Knowing me, Knowing you and Knowing who…

The job of managing reputations has definitely got more interesting. While there was a lot of fear uncertainty and doubt when the Internet first emerged and people got very worried about rogue web sites ( and a couple of people posting items in newsgroups, the Internet has matured very quickly meaning the threats to an individual’s or organization’s reputation has become far more sophisticated.

With search engines indexing every piece of information they can find on the Internet and millions of people using those tools every day, there’s more transparency now than ever before.

This is particularly true for individuals. We all know (and probably do it ourselves) the practice of checking someone out on a search engine before meeting or talking with them. Do you know what people find out about you before they meet you?

This online reputation ecosystem was brought home to me recently in a personal way. My parents, God bless them, weren’t the most imaginative when deciding on my name. It’s a proud family name, but Tom Murphy isn’t exactly exotic. Indeed a quick search finds a playwright, the mayor of Pittsburgh and thousands of other similarly named individuals. We all have the same problem. There was an analyst at Meta Group (R.I.P.) called Tom Murphy and for years we used to receive each other’s media queries. It’s funny we now both work at Microsoft and the confusion has continued unabated.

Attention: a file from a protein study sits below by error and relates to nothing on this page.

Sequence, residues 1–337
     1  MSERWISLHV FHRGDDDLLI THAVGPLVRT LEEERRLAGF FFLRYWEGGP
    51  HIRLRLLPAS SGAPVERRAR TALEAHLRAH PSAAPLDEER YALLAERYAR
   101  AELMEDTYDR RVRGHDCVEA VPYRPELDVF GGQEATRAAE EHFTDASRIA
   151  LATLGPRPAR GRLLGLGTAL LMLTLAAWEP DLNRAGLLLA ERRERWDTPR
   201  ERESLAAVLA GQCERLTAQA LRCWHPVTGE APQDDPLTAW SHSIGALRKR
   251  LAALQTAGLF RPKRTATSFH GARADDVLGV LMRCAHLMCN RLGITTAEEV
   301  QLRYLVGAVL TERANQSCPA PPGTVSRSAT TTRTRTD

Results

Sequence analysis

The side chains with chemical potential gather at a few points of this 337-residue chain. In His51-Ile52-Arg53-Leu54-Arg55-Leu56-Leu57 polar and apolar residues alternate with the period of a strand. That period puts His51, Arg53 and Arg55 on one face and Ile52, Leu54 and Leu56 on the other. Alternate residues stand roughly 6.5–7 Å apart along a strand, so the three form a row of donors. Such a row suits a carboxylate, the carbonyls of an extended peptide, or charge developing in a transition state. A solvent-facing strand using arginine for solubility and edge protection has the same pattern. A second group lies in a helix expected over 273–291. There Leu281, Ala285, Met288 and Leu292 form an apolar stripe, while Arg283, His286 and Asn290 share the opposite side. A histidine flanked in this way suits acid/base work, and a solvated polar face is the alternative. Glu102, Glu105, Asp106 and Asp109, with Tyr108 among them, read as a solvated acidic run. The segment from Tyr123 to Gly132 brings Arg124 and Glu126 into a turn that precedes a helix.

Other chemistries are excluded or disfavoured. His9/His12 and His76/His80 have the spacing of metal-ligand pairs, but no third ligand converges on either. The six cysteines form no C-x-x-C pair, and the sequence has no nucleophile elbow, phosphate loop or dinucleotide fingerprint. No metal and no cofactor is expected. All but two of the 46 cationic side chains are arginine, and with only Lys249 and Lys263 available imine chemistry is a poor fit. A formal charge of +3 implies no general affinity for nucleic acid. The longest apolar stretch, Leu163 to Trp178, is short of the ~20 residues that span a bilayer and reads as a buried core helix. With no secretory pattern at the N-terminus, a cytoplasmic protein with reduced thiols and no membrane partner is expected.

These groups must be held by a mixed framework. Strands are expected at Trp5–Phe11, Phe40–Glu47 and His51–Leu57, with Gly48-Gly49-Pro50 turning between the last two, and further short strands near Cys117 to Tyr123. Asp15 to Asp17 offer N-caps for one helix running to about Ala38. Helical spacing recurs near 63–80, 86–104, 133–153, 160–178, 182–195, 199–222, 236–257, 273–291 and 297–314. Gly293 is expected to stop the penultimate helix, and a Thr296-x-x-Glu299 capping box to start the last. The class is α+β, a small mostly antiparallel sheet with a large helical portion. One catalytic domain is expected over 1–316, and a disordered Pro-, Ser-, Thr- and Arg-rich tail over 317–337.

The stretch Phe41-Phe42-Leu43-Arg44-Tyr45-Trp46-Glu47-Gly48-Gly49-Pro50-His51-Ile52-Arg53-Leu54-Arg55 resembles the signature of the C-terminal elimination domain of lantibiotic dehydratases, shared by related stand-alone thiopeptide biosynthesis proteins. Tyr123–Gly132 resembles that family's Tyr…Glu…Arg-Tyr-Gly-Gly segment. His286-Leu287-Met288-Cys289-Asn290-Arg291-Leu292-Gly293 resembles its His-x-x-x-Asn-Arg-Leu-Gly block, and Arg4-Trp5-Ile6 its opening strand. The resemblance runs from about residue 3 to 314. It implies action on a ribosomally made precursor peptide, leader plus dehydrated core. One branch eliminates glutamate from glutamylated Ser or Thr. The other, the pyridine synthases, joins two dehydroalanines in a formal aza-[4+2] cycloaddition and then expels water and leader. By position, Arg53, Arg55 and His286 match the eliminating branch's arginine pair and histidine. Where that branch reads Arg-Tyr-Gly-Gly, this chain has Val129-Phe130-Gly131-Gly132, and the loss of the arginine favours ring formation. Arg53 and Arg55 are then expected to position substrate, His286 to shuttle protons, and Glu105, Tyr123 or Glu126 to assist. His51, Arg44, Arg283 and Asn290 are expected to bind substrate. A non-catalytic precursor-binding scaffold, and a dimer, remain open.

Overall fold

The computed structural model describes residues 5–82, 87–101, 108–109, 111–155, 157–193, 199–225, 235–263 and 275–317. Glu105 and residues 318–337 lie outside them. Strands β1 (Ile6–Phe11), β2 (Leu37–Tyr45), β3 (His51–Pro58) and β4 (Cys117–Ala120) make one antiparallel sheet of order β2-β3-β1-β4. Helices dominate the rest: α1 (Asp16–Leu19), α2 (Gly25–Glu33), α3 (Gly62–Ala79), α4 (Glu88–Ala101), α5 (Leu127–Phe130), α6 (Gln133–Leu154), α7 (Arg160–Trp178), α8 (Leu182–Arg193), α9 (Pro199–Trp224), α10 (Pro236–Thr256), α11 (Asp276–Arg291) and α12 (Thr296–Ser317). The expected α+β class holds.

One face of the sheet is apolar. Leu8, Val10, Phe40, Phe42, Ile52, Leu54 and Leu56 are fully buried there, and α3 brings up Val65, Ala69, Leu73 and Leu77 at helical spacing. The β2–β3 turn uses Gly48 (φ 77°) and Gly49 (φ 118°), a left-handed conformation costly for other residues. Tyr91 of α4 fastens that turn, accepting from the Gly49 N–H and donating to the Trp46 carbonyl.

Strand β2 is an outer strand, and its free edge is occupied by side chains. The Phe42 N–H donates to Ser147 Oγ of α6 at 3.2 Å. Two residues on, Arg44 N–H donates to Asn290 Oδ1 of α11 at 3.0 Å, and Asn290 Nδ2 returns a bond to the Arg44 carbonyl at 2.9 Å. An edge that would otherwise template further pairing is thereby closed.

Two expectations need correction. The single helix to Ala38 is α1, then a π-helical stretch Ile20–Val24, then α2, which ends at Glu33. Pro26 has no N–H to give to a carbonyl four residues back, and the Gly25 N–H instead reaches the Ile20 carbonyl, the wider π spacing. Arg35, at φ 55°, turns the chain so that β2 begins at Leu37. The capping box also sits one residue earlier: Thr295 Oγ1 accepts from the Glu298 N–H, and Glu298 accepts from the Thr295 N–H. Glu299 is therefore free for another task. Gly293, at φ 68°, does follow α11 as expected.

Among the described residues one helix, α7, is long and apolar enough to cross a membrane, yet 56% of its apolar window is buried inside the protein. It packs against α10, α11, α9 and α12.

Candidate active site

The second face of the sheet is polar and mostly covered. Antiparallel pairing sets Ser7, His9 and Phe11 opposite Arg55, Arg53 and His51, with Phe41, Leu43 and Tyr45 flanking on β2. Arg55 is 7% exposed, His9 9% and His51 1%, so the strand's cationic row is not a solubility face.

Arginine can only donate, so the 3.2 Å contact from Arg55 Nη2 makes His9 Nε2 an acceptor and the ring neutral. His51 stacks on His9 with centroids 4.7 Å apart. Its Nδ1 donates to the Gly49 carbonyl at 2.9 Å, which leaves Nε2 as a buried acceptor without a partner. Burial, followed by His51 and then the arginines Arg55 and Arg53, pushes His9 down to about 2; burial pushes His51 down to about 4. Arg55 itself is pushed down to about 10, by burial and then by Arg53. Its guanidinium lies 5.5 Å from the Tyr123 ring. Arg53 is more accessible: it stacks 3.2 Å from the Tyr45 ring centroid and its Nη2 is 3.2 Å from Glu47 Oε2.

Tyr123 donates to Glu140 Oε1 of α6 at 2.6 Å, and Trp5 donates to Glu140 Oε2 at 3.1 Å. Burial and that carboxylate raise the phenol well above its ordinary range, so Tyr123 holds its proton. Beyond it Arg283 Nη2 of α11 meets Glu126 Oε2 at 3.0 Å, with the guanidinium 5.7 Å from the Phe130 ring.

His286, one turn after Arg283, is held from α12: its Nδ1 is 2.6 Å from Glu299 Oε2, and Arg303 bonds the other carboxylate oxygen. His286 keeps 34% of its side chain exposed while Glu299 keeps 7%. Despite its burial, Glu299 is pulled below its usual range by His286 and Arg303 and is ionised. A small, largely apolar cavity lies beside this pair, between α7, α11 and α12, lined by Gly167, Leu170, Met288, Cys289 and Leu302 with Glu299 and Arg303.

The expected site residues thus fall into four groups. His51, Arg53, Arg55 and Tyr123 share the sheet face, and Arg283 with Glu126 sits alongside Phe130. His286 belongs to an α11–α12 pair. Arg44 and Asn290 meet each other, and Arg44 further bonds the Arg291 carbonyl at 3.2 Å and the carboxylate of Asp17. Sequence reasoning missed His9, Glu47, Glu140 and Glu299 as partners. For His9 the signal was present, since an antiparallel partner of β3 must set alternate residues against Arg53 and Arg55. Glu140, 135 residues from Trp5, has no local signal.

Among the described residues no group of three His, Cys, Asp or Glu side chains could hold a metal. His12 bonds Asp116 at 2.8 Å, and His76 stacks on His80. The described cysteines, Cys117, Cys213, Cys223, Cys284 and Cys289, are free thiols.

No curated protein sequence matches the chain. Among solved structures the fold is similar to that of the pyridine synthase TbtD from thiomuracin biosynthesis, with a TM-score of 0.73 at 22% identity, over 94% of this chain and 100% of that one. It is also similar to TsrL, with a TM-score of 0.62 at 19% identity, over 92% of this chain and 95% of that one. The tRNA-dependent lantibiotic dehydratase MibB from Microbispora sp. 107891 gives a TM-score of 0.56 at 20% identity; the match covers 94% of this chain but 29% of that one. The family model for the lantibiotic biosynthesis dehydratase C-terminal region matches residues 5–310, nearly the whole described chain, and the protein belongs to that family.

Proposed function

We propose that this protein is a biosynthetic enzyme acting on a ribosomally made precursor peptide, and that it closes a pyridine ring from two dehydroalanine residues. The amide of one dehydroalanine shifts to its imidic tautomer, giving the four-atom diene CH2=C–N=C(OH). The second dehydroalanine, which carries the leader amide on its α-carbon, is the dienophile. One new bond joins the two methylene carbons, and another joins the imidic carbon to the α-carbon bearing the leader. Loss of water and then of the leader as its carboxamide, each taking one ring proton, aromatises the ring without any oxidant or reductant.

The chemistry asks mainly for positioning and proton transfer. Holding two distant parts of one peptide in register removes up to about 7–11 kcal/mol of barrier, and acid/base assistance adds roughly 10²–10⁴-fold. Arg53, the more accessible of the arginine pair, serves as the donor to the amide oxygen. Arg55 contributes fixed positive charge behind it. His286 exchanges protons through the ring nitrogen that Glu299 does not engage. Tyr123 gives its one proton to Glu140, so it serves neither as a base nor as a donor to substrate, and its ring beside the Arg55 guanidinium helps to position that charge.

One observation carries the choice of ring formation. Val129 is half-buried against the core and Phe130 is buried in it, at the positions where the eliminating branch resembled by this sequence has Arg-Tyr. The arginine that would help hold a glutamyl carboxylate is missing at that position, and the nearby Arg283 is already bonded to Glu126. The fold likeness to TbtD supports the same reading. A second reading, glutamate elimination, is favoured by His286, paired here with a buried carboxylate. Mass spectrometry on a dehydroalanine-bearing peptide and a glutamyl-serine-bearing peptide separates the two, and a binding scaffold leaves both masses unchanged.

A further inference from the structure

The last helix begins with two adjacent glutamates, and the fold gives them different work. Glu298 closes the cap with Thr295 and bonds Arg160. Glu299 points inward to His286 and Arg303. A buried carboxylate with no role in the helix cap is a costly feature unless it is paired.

But in the past week or so, the media in Ireland and the UK have been focussing in on an unsavoury Tom Murphy or to give him his full title, Tom “Slab” Murphy (no relation). He is the alleged chief of staff of the IRA and has been linked with some dodgy property dealings in the UK amongst other things. The story has been on every TV news bulletin, radio bulletin, broadsheet, tabloid and online news service over here. A friend of mine joked that soon I’d be getting a lot more “respect”. Although there’s little likelihood that we’d be mistaken for each other, and of course he could take major offence at being mistaken for a PR practitioner, it illustrates the vagaries of online reputation.

So here’s the question for this morning. Are you managing yours?